In conversations with drivers ranging from veterans of foreign wars to Indigenous women protecting one another, Di Cintio explores the borderland of the North American taxi.
“A taxi,” writes Marcello Di Cintio, “is a border.” Under the familiar roof light of every cab is a space both private and public: accessible to all, and yet, once the doors close, strangely intimate—a space in which two strangers who might otherwise never have met share a five or fifty minute trip. Quotidian themselves, taxis transcend everyday barriers between the wealthy and the working class, white people and people of colour, those who give direction and those who follow, those who speak and those who listen—and yet, though driver and fare are close enough to reach out and touch one another, most trips are characterized by complete silence. In a series of interviews with North American taxi drivers, their backgrounds ranging from the Iraqi National Guard, to the Westboro Baptist Church, to an arranged marriage that left one woman stranded in a foreign country, Marcello Di Cintio seeks out those missed conversations, revealing the untold lives of the people who take us where we want to go.
Praise for Driven
“Driven is an engaging, impeccably investigated, character-driven work of narrative nonfiction, told with Di Cintio’s wonderful dark humour, keen empathy, and rich journalistic eye. The book is a searing testament to the power of untold stories, of people who exist in the margins, of hidden histories, as well as an examination of Canada’s immigration laws. Driven urges us to rethink the enduring toll on those individuals who labour for us and take us where we need to go. A truly fine blend of heart-break, guffaws, and research.”—Lindsay Wong, author of The Woo-Woo and My Summer of Love and Misfortune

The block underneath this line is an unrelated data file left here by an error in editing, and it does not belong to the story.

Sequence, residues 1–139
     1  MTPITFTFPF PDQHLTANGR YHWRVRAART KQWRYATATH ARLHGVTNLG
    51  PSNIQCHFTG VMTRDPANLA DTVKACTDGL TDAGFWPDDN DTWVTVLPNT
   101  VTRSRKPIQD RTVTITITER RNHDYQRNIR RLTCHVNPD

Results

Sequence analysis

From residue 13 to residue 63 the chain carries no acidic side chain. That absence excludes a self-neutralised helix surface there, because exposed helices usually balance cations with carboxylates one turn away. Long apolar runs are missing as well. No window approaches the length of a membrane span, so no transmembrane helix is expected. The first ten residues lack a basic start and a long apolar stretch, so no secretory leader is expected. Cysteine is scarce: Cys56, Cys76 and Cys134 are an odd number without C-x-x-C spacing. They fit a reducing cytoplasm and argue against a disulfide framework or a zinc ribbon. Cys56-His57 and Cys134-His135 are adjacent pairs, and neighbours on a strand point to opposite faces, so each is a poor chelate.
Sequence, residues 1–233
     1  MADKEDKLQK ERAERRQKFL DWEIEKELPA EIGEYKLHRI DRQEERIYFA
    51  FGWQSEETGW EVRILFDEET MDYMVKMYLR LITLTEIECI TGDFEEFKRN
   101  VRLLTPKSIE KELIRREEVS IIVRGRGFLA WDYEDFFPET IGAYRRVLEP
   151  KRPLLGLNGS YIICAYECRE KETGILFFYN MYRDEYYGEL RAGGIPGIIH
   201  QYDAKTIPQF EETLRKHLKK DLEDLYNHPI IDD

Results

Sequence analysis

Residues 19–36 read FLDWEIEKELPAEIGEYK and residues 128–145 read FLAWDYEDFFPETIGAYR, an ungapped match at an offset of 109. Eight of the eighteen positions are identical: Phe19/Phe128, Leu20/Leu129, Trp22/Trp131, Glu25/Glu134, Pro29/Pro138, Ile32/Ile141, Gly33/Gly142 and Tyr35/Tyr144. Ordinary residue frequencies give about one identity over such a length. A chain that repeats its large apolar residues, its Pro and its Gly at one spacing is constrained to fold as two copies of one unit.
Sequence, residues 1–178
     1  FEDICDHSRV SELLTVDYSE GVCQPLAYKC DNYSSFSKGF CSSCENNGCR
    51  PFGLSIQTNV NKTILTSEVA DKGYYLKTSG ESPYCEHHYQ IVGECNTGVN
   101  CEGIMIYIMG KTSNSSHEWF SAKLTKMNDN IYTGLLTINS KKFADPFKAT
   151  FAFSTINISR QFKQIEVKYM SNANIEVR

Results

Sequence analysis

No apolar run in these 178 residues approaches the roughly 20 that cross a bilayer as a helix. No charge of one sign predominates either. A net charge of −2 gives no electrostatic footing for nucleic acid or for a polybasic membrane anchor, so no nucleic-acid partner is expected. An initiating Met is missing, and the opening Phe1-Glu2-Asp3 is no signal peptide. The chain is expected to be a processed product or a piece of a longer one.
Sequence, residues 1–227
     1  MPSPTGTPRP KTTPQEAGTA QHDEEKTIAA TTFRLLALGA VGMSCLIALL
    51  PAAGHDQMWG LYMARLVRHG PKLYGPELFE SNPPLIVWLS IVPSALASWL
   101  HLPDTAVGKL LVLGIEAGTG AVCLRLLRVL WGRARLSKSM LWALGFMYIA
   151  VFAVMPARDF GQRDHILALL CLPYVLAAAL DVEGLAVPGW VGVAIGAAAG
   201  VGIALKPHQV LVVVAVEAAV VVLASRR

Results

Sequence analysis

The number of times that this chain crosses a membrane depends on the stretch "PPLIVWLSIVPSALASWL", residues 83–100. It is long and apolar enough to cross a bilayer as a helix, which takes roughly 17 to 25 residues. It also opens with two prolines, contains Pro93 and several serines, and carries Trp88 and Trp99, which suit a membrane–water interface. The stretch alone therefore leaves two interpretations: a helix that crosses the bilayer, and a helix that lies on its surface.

Praise for Marcello Di Cintio
“Di Cintio researches his subjects thoroughly, conducts in depth reporting, and writes with vigour and humility.”—Kamal Al-Solaylee, Quill & Quire
“Di Cintio weaves together history with a sense of place and infuses character with dialogue and humor … masterful.”—Selma Dabbagh, The Electronic Intifada
“Illuminating reading from a highly engaged author.”—Kirkus Reviews